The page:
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Star trying to keep name out of 'kiss-and-tell' story wins Supreme Court fight

Published 19/05/2016

A celebrity trying to keep his name out of a tabloid "kiss-and-tell" story has won a Supreme Court fight with Sunday newspaper editors.

Supreme Court justices say The Sun on Sunday should be barred from revealing the man's identity.

The man - referred to in court hearings only as PJS - had asked for a Supreme Court ruling after losing fights in lower courts.

Three appeal court judges had ruled in April that an injunction barring The Sun on Sunday from naming him should be lifted.

But a panel of five Supreme Court justices has overturned that decision by a four to one majority - and ruled that the injunction should stay.

One justice said there was "no public interest" in publishing "kiss-and-tell" stories "simply because" people were well known.

The ruling has generated a mixed reaction and legal experts say it will have implications.

Journalists at The Sun on Sunday want to publish an account of the man's activities.

The man argues that he has a right to privacy and has taken legal action.

He had sued News Group Newspapers, which publishes The Sun on Sunday, claiming that publication of information about alleged extramarital activity would be a misuse of private information and a breach of confidence.

Any trial of those claims is likely to be overseen by a High Court judge - who could decide to lift the anonymity injunction after analysing all evidence from both sides.

Judges have said the man is in the entertainment business. They say his spouse - named as YMA - is also well-known in the entertainment business and the couple have ''young'' children.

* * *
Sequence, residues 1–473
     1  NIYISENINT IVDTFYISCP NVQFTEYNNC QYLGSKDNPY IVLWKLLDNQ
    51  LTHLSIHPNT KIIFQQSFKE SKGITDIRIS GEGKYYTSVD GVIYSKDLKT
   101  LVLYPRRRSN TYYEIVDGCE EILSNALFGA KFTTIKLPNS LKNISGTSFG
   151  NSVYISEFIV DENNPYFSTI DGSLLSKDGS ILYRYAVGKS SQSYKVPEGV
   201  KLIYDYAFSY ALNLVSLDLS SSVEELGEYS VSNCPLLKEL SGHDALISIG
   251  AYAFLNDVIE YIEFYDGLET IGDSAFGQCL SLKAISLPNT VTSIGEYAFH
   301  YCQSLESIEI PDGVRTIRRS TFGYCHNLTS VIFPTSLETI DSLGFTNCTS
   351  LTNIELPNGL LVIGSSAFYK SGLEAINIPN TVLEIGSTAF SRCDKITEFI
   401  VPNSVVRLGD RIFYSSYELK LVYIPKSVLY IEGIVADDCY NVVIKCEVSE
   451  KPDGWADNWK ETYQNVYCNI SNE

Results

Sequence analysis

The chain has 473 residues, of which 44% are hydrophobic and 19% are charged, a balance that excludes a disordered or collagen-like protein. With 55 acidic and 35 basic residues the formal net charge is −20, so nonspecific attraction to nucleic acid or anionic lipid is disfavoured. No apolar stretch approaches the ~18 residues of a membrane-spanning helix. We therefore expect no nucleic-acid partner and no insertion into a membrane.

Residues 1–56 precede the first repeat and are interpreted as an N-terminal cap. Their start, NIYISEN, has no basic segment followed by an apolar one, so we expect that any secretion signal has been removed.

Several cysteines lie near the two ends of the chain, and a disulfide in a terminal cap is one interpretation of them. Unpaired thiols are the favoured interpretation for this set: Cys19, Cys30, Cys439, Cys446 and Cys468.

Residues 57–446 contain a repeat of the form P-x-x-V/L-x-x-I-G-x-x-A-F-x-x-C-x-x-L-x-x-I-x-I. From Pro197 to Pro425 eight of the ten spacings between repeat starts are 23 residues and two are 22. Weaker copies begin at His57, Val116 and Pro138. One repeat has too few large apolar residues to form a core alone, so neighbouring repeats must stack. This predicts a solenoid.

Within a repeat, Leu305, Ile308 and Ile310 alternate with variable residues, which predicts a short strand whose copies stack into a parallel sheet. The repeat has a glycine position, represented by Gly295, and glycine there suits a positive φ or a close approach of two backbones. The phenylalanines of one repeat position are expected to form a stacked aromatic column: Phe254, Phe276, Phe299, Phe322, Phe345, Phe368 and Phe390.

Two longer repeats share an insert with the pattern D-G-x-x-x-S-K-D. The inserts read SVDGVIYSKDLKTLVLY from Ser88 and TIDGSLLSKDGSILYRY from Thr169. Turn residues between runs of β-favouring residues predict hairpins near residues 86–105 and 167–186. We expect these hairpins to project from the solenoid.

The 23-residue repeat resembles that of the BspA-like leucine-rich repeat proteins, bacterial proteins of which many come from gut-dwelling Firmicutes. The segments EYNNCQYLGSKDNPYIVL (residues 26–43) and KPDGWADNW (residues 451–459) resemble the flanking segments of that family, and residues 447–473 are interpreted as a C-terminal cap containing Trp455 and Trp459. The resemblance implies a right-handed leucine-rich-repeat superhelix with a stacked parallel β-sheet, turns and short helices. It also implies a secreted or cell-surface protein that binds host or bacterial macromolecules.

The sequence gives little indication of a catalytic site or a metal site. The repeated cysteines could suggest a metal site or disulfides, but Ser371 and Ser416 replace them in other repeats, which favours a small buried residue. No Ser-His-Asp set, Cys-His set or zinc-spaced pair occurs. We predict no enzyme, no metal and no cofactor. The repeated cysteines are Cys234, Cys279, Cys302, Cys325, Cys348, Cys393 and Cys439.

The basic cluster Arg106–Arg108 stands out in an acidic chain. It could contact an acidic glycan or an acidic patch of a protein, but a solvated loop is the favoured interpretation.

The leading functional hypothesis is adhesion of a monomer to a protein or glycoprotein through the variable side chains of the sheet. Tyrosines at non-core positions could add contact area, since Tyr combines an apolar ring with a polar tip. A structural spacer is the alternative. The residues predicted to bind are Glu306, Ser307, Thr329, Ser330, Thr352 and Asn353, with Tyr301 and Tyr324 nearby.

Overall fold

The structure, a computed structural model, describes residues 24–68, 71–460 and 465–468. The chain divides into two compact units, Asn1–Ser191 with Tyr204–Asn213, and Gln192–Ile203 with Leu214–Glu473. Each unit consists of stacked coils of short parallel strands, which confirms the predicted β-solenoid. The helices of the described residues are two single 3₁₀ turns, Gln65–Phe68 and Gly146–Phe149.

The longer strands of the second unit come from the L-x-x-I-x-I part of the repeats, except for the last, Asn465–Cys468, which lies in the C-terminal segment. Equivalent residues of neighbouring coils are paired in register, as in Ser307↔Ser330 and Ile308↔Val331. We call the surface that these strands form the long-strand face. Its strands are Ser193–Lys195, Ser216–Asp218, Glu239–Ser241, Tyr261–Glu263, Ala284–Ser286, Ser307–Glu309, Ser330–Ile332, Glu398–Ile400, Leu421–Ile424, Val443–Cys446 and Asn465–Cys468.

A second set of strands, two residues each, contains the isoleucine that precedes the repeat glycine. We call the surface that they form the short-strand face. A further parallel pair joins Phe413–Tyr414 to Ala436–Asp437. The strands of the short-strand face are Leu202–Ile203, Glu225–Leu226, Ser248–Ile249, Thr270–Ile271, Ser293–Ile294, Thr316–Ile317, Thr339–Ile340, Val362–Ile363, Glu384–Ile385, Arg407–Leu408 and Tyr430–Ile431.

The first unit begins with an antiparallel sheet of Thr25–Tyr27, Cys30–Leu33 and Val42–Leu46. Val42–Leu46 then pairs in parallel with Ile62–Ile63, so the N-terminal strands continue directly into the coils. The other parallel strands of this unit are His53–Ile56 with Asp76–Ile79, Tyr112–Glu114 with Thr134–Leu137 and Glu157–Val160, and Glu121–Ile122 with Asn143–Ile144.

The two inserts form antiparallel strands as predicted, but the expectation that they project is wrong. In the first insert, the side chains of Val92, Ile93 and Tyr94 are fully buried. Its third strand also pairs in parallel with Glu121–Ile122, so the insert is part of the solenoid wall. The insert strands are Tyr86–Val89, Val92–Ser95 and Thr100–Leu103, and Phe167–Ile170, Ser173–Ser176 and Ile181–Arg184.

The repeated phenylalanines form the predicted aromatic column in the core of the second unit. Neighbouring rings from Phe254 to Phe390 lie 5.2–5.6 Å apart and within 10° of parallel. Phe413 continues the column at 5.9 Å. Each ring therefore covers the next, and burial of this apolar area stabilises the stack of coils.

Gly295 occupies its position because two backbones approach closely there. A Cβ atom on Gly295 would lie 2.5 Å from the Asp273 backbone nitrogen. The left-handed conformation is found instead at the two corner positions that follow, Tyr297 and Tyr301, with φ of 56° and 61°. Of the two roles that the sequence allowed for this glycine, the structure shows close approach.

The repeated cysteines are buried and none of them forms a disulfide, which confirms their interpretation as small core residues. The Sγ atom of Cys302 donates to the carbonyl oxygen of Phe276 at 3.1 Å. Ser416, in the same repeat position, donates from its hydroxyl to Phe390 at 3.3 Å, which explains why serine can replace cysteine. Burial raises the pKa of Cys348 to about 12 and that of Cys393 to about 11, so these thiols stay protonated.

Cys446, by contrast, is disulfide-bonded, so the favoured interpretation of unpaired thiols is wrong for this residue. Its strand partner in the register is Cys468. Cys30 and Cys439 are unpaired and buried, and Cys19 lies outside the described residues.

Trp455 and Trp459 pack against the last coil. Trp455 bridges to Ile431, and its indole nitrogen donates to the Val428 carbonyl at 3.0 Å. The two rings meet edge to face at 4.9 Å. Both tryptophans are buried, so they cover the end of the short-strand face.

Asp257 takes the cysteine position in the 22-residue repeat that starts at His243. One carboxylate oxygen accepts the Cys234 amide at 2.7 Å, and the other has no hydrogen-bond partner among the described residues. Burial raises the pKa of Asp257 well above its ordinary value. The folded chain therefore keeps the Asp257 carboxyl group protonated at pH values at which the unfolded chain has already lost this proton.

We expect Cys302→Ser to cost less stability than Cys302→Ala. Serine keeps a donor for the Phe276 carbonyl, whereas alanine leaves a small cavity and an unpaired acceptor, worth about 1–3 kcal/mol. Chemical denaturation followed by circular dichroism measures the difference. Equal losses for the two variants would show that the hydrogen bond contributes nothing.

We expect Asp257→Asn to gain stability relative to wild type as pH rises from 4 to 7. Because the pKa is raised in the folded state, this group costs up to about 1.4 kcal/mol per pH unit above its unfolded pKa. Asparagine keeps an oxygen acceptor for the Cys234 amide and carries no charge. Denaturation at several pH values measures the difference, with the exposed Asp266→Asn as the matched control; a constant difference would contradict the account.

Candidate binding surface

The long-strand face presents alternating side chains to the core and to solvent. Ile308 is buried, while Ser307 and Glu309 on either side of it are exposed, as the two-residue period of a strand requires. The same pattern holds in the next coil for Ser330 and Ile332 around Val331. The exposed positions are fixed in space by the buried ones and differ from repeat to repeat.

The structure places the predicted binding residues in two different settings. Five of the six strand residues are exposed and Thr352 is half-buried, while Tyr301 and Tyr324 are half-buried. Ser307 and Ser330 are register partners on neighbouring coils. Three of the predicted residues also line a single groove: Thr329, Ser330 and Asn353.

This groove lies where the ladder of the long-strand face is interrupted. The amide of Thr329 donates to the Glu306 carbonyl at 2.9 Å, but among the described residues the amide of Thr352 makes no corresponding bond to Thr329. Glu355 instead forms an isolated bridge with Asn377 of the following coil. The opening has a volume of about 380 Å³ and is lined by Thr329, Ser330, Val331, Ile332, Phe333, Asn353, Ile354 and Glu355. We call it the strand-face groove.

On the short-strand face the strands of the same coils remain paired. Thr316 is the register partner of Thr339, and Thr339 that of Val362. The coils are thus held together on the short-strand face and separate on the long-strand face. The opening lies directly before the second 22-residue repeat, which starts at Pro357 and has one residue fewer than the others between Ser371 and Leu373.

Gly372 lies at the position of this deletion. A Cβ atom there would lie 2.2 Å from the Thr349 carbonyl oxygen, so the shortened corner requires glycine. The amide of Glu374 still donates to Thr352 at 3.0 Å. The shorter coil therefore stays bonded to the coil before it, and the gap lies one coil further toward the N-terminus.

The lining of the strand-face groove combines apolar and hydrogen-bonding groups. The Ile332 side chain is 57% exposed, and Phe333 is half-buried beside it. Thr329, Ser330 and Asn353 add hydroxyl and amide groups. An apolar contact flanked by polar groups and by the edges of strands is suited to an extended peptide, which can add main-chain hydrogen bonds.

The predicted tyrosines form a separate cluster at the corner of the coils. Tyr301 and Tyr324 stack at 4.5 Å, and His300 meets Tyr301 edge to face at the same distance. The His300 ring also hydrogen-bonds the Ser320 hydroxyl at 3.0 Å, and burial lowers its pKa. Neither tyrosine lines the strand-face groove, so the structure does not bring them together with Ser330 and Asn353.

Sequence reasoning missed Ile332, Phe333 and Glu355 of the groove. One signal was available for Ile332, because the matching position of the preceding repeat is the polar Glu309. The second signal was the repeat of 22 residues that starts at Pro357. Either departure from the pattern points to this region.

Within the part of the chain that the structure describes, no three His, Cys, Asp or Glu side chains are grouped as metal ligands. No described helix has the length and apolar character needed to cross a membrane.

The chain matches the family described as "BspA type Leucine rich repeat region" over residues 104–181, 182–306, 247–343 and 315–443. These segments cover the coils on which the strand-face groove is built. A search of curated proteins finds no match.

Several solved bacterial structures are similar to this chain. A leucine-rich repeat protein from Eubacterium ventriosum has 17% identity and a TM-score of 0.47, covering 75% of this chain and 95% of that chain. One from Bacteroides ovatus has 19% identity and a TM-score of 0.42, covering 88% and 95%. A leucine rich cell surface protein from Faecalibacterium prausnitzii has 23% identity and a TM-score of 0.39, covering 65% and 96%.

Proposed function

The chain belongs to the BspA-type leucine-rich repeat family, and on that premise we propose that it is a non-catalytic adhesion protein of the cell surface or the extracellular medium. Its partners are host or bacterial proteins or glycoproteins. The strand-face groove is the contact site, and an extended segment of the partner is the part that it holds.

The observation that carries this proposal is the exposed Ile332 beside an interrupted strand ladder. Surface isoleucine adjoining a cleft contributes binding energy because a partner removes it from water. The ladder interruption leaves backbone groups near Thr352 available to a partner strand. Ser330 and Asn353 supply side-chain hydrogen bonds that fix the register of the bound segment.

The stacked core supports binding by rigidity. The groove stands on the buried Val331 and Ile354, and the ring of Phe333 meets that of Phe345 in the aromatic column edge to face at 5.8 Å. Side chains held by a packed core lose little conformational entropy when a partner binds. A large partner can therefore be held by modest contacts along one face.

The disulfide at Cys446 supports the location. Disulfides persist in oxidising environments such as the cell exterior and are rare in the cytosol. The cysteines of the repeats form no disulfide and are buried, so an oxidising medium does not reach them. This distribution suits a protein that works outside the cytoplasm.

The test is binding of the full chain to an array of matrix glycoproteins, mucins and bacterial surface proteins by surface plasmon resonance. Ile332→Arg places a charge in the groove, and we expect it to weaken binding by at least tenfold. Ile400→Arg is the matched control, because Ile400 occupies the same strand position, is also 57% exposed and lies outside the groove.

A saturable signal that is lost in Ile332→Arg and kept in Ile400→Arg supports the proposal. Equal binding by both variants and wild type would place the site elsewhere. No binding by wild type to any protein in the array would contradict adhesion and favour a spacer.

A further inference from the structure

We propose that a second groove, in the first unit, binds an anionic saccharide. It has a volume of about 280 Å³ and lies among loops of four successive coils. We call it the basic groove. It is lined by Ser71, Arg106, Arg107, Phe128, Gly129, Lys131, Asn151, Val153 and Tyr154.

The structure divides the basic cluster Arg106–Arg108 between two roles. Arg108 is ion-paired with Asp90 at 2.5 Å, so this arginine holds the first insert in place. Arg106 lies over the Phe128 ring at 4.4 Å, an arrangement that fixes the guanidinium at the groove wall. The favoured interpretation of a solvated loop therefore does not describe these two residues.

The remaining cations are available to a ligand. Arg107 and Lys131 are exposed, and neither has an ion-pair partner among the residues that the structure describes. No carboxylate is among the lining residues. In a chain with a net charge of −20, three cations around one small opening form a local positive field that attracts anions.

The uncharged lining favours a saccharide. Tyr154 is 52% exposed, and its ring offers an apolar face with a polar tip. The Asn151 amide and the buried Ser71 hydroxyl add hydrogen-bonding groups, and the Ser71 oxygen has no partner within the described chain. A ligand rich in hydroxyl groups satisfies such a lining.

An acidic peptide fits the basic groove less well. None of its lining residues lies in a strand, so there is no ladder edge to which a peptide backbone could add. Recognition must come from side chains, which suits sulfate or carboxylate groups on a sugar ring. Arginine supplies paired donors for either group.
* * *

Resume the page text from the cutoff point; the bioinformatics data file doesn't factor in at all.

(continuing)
Sun on Sunday editors had won the first round of the fight over identity in January, when a High Court judge refused to impose an injunction barring publication.

The man had appealed - and two appeal court judges ruled in his favour.

Lawyers for News Group Newspapers then asked three appeal judges to lift the ban after the man's identity emerged online.

They told Lord Justice Jackson, Lady Justice King and Lord Justice Simon at a Court of Appeal hearing in London in April that the ban should go because the man had been named in articles abroad - outside the legal jurisdiction of England and Wales. They said "the story" had been published in an American magazine and the man's name could be found on the internet.

Lord Justice Jackson, Lady Justice King and Lord Justice Simon ruled in the newspaper's favour.

The Supreme Court has come to a different conclusion.

Five justices - Lord Neuberger, President of the Supreme Court, Lady Hale, Lord Mance, Lord Reed and Lord Toulson - had analysed the case.

Lord Toulson had been in the minority and said he would have discharged the injunction.

The thinking of the majority of justices was outlined by Lord Mance in a written ruling.

"Publication of the story would infringe privacy rights of PJS, his partner and their children," said Lord Mance.

"There is no public interest (however much it may be of interest to some members of the public) in publishing kiss-and-tell stories or criticisms of private sexual conduct, simply because the persons involved are well-known; and so there is no right to invade privacy by publishing them.

"It is different if the story has some bearing on the performance of a public office or the correction of a misleading public impression cultivated by the person involved ... that does not apply here."

He went on: "As to public availability, it is true that the story has been accessible on the internet and social media, but, if the injunction were to be lifted, there would be intensive coverage of the story by The Sun on Sunday (and, there is little doubt, by other newspapers), as well as unrestricted internet and social media coverage, all of which would constitute additional and potentially more enduring invasions of the privacy of PJS, his partner and their children ...